The Girl Who Died: Karen Healey’s When We Wake

When We Wake is New Zealand author Karen Healey’s third novel, after Guardian of the Dead and The Shattering. It’s an excellent YA novel. It’s also really excellent science fiction: I stayed awake far later than I would otherwise have done to finish it.

In 2027, sixteen-year-old Tegan Oglietti dies. A hundred years in the future, her cryonically preserved body is revived by the Australian military—the first successful cryonic revival. The Girl Who Died is an instant celebrity and the government’s favourite guinea pig. All she wants to do is grieve her old life and try to build some semblance of a “normal” new one, but with her footsteps dogged by the media, a fundamentalist sect who believes she should commit suicide, and a minor case of futureshock, it’s not that easy. But Tegan’s stubborn. She goes to school, she makes friends. Bethari, the army-brat young journalist. Joph, the brilliant chemistry student walking around in a haze of her own creations. Abdi, the talented musician from Somalia who’s almost as much an outsider as Tegan is in immigrant-hostile 22nd-century Australia.

But the military hasn’t told Tegan the truth about why they chose to revive her. When she begins to discover the secrets they’ve been keeping from her… Well, it turns out that military secrets have horrifying consequences, and not just for Tegan herself.

This is, by me, a really good book. It works on several levels of engagement: I’m trying, still, to disentangle the things that I admire about it now, as a work of literature that appeals to me as an adult, from the things that should make it work for its target audience. I think it comes down to voice. Healey really nails voice. Not only her own authorial voice, which we’ve seen before in her other work, but the voice of When We Wake’s protagonist, Tegan. It’s distinctive, and compelling, and also has a sly, retrospective I’m-not-telling-you-everything-at-once quality, a hinted frame narrative, the reasons for which we discover in the conclusion.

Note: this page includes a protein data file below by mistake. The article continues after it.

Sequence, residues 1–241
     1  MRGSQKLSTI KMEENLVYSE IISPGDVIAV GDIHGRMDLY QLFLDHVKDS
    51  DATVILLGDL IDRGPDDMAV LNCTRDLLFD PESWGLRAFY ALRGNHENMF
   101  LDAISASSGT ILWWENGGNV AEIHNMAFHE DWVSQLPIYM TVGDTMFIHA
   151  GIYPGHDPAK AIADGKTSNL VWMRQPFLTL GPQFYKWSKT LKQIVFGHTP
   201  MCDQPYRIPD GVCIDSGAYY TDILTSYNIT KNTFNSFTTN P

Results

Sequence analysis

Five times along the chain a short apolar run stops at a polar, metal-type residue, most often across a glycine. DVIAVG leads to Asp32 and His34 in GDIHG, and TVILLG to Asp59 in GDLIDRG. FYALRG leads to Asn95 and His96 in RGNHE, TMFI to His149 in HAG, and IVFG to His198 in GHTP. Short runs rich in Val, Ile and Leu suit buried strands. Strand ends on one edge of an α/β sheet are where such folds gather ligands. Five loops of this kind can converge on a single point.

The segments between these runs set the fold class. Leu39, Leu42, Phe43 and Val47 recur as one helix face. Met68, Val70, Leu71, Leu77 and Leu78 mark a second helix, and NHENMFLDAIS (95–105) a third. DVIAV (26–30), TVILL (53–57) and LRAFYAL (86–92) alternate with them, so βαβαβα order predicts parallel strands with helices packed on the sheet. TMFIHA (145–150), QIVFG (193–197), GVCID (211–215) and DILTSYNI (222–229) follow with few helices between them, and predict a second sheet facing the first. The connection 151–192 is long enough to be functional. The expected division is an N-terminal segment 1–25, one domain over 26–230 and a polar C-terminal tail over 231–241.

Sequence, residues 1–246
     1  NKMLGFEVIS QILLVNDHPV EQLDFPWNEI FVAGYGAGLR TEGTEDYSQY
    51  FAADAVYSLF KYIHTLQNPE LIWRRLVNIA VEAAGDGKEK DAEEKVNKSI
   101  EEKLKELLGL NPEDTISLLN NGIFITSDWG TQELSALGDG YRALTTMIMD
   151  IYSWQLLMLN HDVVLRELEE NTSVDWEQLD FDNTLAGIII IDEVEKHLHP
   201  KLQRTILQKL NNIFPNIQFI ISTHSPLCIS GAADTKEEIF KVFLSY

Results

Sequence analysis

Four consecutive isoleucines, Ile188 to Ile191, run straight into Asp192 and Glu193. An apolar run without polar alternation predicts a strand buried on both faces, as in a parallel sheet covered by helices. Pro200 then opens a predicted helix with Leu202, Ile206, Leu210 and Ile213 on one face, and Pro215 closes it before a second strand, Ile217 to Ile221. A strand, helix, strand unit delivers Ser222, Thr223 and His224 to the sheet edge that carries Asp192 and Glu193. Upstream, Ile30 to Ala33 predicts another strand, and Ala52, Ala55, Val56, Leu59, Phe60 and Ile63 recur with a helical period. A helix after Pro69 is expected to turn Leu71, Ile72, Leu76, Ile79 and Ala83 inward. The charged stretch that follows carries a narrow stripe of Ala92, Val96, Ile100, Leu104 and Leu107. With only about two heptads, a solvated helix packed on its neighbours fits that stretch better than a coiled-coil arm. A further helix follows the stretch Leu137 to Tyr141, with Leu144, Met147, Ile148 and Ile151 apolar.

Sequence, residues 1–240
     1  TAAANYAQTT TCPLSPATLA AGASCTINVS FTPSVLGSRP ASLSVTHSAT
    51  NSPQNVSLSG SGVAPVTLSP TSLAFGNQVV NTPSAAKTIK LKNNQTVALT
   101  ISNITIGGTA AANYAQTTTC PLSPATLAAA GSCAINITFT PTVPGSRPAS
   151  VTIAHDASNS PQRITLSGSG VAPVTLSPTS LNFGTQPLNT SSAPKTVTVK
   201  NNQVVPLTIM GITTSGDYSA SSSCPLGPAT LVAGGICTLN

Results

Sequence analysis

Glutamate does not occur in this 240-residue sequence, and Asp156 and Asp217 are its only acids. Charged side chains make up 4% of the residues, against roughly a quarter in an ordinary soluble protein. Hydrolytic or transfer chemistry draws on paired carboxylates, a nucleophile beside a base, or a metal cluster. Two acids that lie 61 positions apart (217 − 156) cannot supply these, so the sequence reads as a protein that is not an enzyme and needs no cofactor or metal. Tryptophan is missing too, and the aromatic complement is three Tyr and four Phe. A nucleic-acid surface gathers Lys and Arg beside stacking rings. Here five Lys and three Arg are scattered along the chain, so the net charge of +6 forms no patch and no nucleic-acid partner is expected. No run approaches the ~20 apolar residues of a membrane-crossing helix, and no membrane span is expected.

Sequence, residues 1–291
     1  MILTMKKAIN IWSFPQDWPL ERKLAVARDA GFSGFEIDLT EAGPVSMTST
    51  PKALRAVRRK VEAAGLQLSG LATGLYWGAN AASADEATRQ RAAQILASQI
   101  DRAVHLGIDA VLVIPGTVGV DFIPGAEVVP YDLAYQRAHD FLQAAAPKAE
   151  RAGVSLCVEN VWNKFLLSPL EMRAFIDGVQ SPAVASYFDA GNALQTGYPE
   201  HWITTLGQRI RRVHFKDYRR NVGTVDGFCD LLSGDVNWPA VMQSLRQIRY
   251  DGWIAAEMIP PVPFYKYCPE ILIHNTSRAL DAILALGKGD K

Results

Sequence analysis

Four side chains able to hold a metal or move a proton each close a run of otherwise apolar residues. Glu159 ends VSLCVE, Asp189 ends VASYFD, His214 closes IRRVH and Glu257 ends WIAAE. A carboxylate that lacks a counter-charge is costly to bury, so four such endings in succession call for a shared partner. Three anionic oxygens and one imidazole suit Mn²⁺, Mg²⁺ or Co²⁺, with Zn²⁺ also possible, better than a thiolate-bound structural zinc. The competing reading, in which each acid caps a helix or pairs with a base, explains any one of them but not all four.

The adolescent friendships, relationships, embarrassments and concerns, come across as spot on. Tegan’s friendship with Bethari, and how Bethari’s finding her sexually attractive as well, plays out realistically. It’s only a moment in the narrative: but it’s the kind of natural, queer-friendly moment that a whole lot of novels might either elide entirely or blow up into a Big Teachable Point. (Perhaps my experience in this regard is slightly out-of-date, but one goes with what one knows.)

There’s also a lot of pointed social critique in When We Wake. Healey’s future Australia isn’t a dystopia: in terms of gendered and religious tolerance, and environmental consciousness, it’s portrayed as explicitly better than Tegan’s original time. But thanks to climate change, a lot of quiet resource struggle is going on in the background, and in part thanks to this, anti-immigrant sentiment has reached a vicious peak. No one receives resident visas to the future Australia anymore, only temporary or student ones. Illegal immigrants who reach Australia are kept in detention camps, about which the media doesn’t report. This affects—strains—Tegan’s friendship with Abdi.

Social tensions about resources, the status of unrecognised immigrant persons, and survival in the face of climate change all come together in the climax of Tegan’s story.

I have a handful of minor criticisms. The emotional freight of some of the interactions between Tegan and her friends on occasion comes across as a little heavy-handed, and the climax, for me, happens a little too quickly. But on the whole? This is a very good book.

A sequel, When We Rise, is expected, but When We Wake stands on its own.

When We Wake is published by Little, Brown Books for Young Readers. It is available March 5.

Find Liz Bourke @hawkwing_lb on Twitter and at her blog.


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